Alex Maiolo has worked with The Future of Music Coalition for almost nine years, primarily focusing on the health insurance crisis as it relates to the working musician. In addition, Alex plays in various bands, including the psych-pop outfit Violet Vector & The Lovely Lovelies and ambient/clo-core staple Hi Fi Sky. He is a partner with an insurance agency in the Carrboro/Chapel Hill area of North Carolina. Insurance as it relates to the artist, studio owner and musician is all part of a typical day's tasks.
[Cross-posted at KnowtheMusicBiz.com]
You don't have to be a news junkie to know that the health care debate has been heating up in recent months. With all of this back-and-forth, it's easy to forget that this is about getting more people covered. And musicians are one portion of the American public that could definitely use some help.
My name is Alex Maiolo, and I'm the project manager for Future of Music Coalition's Health Insurance Navigation Tool (or HINT, for short). I'm also a musician. Like everyone at FMC, I've seen too many of my peers have to deal with unforeseen health calamities without the benefit of insurance.
I'm no fan of the big health insurance companies. I own my own business that's based in other kinds of insurance, but I know a lot about the health business. And I can tell you point blank that my sympathies lie with the uninsured — especially my fellow musicians.
In 2002, Future of Music Coalition issued a report that found that 44 percent of working musicians lacked health insurance coverage. One of the main reasons, besides cost, was that many artists thought it was something they could just get to later. But as anyone who has ever played a benefit show for an ailing musician knows, "later" is often too late.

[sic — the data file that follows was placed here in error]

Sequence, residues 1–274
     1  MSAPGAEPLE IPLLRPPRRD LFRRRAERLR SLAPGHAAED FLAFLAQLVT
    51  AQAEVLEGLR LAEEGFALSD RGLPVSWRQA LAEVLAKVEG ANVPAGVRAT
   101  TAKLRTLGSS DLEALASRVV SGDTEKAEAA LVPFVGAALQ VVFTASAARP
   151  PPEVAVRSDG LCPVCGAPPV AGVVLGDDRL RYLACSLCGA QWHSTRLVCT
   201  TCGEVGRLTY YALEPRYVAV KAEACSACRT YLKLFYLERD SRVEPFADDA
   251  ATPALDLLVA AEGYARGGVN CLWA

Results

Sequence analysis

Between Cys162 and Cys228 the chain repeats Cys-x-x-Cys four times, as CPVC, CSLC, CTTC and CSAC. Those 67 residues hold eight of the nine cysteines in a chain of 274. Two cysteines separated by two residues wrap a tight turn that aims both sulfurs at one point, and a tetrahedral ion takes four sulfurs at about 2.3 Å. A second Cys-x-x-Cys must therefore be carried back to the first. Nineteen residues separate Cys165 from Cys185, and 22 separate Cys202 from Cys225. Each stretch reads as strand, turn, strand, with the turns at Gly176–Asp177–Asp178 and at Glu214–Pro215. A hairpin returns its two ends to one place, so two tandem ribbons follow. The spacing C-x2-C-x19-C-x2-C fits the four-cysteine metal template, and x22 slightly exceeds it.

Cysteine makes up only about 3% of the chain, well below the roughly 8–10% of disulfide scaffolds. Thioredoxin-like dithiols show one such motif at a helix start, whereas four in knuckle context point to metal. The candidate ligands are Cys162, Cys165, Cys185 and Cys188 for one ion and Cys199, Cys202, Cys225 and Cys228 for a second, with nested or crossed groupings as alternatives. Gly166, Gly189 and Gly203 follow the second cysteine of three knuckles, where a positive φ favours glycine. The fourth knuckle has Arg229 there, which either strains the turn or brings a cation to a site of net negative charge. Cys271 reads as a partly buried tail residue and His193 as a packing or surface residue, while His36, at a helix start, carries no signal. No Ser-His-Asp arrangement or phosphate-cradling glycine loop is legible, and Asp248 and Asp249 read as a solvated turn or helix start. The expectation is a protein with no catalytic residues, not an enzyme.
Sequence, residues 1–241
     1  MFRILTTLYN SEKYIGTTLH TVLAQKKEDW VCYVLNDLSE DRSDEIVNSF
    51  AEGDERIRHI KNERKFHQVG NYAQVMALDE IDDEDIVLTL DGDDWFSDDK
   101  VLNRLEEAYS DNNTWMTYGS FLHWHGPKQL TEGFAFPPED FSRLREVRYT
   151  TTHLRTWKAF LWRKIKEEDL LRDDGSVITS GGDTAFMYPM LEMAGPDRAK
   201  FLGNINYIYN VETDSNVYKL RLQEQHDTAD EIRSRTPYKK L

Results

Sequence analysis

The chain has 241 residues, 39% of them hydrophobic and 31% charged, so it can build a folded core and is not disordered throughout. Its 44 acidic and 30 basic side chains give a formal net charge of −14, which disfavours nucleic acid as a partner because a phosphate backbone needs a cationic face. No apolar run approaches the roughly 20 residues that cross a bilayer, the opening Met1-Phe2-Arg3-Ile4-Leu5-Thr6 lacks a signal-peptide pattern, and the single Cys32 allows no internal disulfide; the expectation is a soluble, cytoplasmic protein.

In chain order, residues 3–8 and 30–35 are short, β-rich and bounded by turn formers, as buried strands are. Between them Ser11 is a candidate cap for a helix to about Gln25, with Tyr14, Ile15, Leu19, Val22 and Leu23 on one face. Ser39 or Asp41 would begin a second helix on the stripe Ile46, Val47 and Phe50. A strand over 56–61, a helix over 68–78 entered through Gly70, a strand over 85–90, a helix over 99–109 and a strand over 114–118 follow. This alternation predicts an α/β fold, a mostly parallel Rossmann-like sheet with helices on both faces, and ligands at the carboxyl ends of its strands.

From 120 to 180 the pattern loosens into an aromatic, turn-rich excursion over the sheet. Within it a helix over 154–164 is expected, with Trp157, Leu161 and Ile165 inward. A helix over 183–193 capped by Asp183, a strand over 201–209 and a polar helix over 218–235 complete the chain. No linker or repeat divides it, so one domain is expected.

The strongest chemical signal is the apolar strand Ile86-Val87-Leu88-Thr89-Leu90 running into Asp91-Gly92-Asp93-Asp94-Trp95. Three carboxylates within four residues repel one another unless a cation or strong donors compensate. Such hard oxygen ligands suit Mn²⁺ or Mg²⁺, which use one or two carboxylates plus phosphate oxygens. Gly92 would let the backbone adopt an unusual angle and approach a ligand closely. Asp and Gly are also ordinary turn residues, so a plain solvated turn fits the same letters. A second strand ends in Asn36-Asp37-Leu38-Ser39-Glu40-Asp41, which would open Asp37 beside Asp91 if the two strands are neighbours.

With the debate about health care raging on, we figured it would be a great time to re-launch the survey for 2010 to see if artists have made any headway in terms of insurance coverage. With a down economy and the music business in a state of seemingly permanent flux, we're thinking things might look pretty grim. Still, getting updated numbers really helps us make our case that something needs to be done.
Of course, we haven't been twiddling our thumbs waiting for someone to come along and magically fix things.
Our studies have shown that a lot of musicians think that health insurance is unnecessarily complex. We at FMC know that we probably cant do much about the costs of coverage. What we can do, however, is demystify the process and help musicians understand their options. This is exactly why we created the HINT program in 2005. HINT doesn't sell insurance; we don't even recommend specific plans. What we do have is a website with tons of musician-friendly information. And artists can sign up online to get a FREE phone consultation from a HINT representative (also a musician) to go over their options on a case-by-case, state-by-state basis. We'll even call you on our dime.
If you're a musician, I want to encourage you to take a few minutes (literally, like 10) to take our online survey. It's completely anonymous and confidential. And it's incredibly important.
I'll also be at South By Southwest (SXSW) in Austin Texas on Thursday, March 18 for a special Mentor Session on musicians and health insurance. It's a great way to learn about our HINT program and schedule an appointment for a more in-depth phone consultation. Hope to see some of you there!